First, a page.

This is also what social scientist Martin Hoegl from the Ludwig-Maximilian-University in Munich, Germany, says. As an expert in human resources and leadership management, he told us: “Most people, who strive for higher education like a PhD or an MBA, tend not to give up easily; these people are used to work on solutions for longer periods of time. Therefore, I believe they rather decide too late to change their situation.”
In academic circles, the risk of getting stuck in an unwanted situation is therefore much higher than that of making a hasty decision and quitting a project. Hoegl sees the first six months in any job as a test period, in which you must find out whether the job suits you or not. While PhD positions are not like any other job, Hoegl emphasises the importance of this decision: “it is about one's personal education. These people are not used to ‘failure’, they do not want to consider a dropout. Of course, dropout is not the same as failure but some people interpret it that way.”
Four months after he had started his PhD project, Thomas got a similar advice and made the decision to discontinue. First, he talked to his closest colleagues to make sure he had contemplated all facts and possibilities, and also to find out the best way to approach his supervisor. He says: “If you seek an open conversation with your supervisor and truthfully tell him or her how you feel, your supervisor has no reason to be mad at you”. He points out that it is very important to seek this conversation early, this being a key to a happy ending. No lab head wants an unmotivated PhD student, who only consumes resources but produces no data. “They will be happy to see that you are determined and will make room for a new person, who is more committed.”
In Thomas’ case, the conversation with his supervisor was what he feared most. But actually it turned out to be quite easy. “She understood my decision and had also seen that I was not fully committed and motivated. For her, it was better that I stopped early and did not waste her resources. Although I had hoped, she might see another solution for my dilemma, like a new project or collaboration, that was not possible. So we agreed that I would leave the lab by the end of the month.” Afterwards, he just felt relief.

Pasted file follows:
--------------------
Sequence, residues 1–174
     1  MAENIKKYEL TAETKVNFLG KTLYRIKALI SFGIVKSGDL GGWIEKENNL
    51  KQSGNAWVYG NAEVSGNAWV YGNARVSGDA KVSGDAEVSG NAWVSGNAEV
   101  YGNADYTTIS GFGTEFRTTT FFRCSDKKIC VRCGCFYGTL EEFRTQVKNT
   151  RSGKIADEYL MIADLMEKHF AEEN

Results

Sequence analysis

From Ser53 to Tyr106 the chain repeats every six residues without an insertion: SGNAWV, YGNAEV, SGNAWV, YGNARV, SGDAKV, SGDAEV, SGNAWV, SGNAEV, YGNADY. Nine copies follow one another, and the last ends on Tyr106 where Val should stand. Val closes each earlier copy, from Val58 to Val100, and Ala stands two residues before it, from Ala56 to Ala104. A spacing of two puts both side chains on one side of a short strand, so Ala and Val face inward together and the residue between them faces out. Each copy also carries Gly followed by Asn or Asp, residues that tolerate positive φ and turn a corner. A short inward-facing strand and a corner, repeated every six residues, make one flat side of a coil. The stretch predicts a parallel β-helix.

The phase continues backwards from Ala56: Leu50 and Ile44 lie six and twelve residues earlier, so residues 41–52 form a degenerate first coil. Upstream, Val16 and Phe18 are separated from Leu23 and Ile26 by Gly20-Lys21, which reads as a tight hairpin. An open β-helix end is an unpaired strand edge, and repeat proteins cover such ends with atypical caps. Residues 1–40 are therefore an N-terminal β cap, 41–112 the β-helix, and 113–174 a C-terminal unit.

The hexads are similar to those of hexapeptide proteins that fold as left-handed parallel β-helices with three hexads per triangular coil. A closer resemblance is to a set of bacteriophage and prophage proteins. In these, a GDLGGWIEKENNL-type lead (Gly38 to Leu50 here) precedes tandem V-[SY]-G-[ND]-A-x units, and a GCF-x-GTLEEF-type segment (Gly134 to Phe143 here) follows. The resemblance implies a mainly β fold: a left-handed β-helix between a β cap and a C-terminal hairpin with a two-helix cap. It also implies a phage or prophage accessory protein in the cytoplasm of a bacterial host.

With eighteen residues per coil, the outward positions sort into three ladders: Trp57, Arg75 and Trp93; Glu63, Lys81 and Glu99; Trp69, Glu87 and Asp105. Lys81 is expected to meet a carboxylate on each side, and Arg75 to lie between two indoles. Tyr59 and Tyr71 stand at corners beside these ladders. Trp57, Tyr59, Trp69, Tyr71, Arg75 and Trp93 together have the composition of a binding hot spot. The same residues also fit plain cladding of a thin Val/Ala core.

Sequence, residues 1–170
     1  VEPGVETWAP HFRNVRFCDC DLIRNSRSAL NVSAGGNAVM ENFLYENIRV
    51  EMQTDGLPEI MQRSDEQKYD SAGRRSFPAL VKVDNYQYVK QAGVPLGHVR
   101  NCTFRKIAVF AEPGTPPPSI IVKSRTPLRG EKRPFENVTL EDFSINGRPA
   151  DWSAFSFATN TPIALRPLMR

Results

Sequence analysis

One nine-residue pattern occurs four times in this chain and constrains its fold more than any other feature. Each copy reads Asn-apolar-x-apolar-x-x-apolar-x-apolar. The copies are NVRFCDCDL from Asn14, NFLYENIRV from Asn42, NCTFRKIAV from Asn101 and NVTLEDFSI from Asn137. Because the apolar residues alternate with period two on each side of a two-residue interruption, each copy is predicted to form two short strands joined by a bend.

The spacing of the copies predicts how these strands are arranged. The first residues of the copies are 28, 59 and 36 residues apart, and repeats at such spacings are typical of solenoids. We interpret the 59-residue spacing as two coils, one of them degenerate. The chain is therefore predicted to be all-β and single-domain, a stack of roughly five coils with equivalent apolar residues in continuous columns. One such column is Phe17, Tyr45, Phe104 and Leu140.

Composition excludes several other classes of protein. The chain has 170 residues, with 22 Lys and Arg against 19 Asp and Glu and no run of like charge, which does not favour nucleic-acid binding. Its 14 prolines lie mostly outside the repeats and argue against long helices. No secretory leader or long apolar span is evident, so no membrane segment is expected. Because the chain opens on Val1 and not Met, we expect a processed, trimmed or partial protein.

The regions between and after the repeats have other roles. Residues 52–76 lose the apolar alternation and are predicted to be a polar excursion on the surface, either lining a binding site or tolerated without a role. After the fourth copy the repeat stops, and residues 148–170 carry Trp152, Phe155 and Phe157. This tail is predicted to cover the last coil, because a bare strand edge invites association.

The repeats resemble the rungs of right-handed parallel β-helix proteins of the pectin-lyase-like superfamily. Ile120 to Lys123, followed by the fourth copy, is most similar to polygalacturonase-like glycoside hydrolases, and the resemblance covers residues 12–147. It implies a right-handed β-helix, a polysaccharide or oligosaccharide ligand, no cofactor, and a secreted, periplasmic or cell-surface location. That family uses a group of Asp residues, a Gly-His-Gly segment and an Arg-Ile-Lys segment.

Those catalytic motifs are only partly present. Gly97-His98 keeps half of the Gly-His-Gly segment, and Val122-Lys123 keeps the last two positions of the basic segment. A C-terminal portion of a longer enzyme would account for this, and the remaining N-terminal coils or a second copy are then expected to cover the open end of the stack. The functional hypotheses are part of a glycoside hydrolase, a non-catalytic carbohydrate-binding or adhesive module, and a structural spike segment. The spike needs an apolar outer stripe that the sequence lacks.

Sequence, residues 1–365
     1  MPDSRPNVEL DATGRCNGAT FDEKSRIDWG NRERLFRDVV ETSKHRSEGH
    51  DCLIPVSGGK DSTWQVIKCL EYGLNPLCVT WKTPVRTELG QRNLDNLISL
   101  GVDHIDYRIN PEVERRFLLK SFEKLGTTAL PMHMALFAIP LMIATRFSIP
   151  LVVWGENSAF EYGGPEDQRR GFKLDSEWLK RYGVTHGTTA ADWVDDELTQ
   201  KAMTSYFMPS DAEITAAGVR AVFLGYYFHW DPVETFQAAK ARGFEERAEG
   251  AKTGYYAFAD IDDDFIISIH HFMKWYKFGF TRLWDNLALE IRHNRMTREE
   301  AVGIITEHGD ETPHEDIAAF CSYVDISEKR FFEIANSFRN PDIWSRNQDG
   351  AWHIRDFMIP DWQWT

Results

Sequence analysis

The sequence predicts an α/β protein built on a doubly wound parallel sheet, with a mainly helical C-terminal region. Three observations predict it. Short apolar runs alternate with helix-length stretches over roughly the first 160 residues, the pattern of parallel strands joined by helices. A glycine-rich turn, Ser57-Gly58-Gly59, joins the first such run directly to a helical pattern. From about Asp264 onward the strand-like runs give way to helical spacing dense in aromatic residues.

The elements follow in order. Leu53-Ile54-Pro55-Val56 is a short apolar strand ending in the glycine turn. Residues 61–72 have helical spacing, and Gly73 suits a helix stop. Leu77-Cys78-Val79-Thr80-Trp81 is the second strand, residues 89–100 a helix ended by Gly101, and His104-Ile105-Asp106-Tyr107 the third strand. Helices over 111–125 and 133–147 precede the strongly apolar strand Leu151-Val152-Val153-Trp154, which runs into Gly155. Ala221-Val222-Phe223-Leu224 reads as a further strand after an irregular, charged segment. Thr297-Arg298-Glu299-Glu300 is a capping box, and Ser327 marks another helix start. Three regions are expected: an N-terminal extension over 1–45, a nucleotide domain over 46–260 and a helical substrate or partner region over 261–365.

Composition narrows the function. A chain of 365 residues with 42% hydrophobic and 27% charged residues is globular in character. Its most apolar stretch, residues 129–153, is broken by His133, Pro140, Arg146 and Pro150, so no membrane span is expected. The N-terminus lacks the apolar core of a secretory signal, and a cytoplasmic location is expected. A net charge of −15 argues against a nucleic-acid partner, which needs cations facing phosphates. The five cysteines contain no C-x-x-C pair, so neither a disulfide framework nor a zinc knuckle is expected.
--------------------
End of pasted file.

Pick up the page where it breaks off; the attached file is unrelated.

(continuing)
Once the final decision has been made and agreed, there are no big hurdles on the way out of the PhD project anymore. This depends, of course, on the legal regulations in the country, the university and the PhD school, but in most cases, there are helpful people to give support and guidance.
Thomas is not the only PhD student, who took such a journey. During our research, we heard from several PhD students, who quit their first PhD after a few months and are now successfully working on new projects. Postdocs told us, how they dropped out of their first PhD, just to find the perfect project afterwards. But we also heard stories about students, who did not like their projects but did not dare to quit either. “PhD students should rather stop their PhD early, if they find out it is not the right thing for them”, most people told us. What a surprise: encouragement for decisions that nobody speaks about.
The last advice we got from Thomas was that you should not see it as the end of your career. “Although it is pretty hard to take a second attempt for a PhD, it is definitely possible.” Meanwhile, Thomas has found a new PhD project, which he will hopefully love, and fulfill with passion, motivation and commitment.
Photo: barnimages.com/Roman Drits
This article first appeared in German in Laborjournal 10-2016.